During an protest in Lviv, in western Ukraine, on December 1

This is not a garden party. It’s a revolution!

The young Ukrainian poet Taras Malkovych on the protests against Yanukovych, the true balance of power in his home country, and the important role that Vitali Klitschko has played.

Published on 6 December 2013 at 17:11
During an protest in Lviv, in western Ukraine, on December 1

“Did I already tell you what the violence at the protests against Yanukovych was all about? No? It’s important that it not be misunderstood. Now everything is up for grabs. We want to overthrow the head of state, but we’re peaceful.” Taras Malkovych, born 1988 in Kiev, where he still lives, is a young Ukrainian poet. This week he’s visiting the Villa Decius in Krakow on a scholarship. Soon he will be travelling with his father Ivan, himself one of the Ukraine's most important poets, to New York.

What really drives Taras Malkovych, though, is the fate of his nation. A few days ago at an event with writers held during one of the demonstrations on Kiev’s Independence Square Malkovych read out his latest poem here to an audience of 50,000. The poem is about the family of an executioner that has been in the business for generations. But the youngest scion has fallen out of step; the boy is not even playing war games with the neighbourhood kids. The son of the executioner can’t stand the sight of blood. His father tries to get him back onto the right path every way he can.

“It was hugely stressful to speak in front of so many people. But when I finally said it was not a party, that we should not forget that ‘This is a revolution', there were cheers. Finally, even apolitical people have grasped what means Russia for us: always the same thing. There are just different variants of oppression and subservience, which alternate with each other. Many people have grasped that only since November 21 and the first bloody suppression of the protests. But it’s been clear for a long time. The pro-Russian side is not even trying to hide it."

Unnecessary language

In the cultural field, Dmytro Tabachnyk, minister of education, is a good example of the trend. “When he travelled around the country in the summer he gave an interview in which he, believe it or not, said that Ukrainian is 'an unnecessary language'. And that’s the minister of education of the Ukraine speaking.”

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[[Far more dangerous, Malkovych believes, is businessman Viktor Medvedchuk, who has been pulling strings in Ukrainian politics for years]], though for the last few years he has kept a low profile. On Putin’s visit to the Ukraine in the summer the Russian president talked for only a quarter of an hour with Yanukovych, and much longer with Medvedchuk, who is referred to in the Ukraine as “the Cardinal” or “The Godfather”. Putin, in turn, is the godfather of Medvedchuk’s daughter. “In writerly circles Medvedchuk was already known of before I was born,” says Malkovych. There was once a poet and dissident, Vasyl Stus, born 1938, who, a generation after Varlam Shalamov, was sent to the Siberian Gulag, to Magadan. In 1980, home from the camp, a new lawsuit was brought against him. The young lawyer Medvedchuk was appointed his defender. “As his lawyer, he worked very hard to have Stus sentenced to death.” Stus died in a Soviet forced-labour camp in 1985 following a hunger strike.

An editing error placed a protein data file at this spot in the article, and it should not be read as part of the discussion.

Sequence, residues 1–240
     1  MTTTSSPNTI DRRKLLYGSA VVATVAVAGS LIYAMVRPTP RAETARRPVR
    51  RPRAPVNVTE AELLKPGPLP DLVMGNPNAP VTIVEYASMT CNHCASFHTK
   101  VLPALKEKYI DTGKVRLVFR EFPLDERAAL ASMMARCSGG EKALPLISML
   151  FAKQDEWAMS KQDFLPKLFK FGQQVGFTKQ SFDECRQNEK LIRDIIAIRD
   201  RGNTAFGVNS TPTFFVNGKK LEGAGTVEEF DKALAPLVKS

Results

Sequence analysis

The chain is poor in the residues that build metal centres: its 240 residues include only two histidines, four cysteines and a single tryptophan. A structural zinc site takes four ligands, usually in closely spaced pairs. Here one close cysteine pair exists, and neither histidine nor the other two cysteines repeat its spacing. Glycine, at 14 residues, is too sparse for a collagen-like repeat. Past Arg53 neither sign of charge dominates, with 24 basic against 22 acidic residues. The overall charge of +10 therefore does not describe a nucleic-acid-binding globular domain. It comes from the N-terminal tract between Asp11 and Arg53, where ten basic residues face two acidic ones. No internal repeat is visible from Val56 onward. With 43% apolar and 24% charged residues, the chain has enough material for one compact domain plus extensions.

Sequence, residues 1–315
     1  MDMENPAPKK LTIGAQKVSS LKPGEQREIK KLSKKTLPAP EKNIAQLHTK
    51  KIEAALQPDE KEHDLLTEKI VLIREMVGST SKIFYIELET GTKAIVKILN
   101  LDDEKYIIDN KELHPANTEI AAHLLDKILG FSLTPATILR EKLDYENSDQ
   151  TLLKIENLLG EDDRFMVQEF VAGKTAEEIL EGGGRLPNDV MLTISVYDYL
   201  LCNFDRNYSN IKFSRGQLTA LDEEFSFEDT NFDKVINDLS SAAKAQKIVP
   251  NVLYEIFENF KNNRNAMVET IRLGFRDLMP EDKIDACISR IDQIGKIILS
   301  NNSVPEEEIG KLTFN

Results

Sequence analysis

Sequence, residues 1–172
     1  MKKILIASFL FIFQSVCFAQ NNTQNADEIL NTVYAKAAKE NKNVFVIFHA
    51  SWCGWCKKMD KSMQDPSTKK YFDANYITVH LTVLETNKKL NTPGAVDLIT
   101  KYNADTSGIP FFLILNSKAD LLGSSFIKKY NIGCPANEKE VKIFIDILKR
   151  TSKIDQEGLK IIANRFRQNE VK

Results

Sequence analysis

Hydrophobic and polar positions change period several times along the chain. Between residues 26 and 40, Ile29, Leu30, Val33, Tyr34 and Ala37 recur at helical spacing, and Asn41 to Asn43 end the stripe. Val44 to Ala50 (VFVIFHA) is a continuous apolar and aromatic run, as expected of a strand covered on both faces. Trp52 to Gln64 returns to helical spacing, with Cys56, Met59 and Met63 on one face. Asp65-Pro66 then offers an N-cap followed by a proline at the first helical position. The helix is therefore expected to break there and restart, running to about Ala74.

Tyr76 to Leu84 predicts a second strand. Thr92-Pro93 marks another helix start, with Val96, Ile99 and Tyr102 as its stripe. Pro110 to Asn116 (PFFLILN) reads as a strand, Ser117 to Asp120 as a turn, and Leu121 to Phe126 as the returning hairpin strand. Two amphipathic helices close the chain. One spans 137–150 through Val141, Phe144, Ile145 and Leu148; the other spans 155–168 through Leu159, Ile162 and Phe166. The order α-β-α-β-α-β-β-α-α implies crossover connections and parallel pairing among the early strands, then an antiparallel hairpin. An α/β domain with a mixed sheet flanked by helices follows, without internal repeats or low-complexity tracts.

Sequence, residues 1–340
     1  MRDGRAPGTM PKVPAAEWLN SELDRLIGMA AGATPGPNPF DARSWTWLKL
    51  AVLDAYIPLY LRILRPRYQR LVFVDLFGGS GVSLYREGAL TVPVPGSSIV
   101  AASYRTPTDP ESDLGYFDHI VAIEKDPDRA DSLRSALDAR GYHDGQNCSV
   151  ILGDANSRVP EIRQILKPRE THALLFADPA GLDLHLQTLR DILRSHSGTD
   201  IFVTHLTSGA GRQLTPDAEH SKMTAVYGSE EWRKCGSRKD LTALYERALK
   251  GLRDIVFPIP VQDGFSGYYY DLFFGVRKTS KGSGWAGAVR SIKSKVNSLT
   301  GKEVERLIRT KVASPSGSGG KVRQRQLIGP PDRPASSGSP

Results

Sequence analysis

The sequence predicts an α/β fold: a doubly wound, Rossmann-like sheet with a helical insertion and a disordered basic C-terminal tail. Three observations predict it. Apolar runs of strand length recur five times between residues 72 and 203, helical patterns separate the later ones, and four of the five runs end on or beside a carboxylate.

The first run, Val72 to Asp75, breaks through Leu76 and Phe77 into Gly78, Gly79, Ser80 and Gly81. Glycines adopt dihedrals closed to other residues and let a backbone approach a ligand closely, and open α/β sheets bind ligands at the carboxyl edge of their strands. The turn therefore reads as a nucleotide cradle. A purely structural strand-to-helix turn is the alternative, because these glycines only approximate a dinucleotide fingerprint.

Viktor Medvedchuk, who could take over from the hardly more electable Yanukovych, has the right wife: 30-year singer and TV presenter, Oksana Marchenko, host of programmes such as the Ukrainian version of Everybody on the Dance Floor. “While the peaceful demonstrations were being put down,” Malkovych says, “a group from the brutal security police, Berkut, got out of a car carrying the name of the show on its sides. It’s hard to see that anymore as just random cynicism.”

Strong democrat

[[Nowhere does the fundamental principle of the independence of literary writers gain more importance than in politically difficult times marked by the manipulation of information]]. The concept of “engaged writer” long ridiculed in the West, is expressed here in a simple and straightforward way. On his first day in peaceful Krakow, it’s obvious that Malkovych, who has already translated a collection of Irish poetry, and German poetry as well – by Heine, Goethe and Brecht – can hardly restrain himself from heading home to Kiev to support his friends.

“One of them called me up at four o’clock in the morning from St Michael's Cathedral, where he went for protection with others who had been injured. But maybe from here I can also help to make sure that the rest of the world won’t be fobbed off with lies. In the week between November 30 and December 3, the State Prosecutor of Ukraine has brought 53 charges against peaceful demonstrators, some of who are lying in hospital beds. They were caught up among the hooligans, who were hired to provoke the Berkut and then ran away from the scene. And where there was a hooligan for hire there was also a Russian camera to capture on video just how bad the demonstrators are.”

For Malkovych, Vitali Klitschko is extraordinarily important for the Ukraine. “We haven’t got to the point that just anyone is accepted as a leader. Nothing makes more of an impression than when Klitschko grabs a hooligan by the collar during a demonstration and gives him a talking to. A strong democrat is the best character to identify with.”

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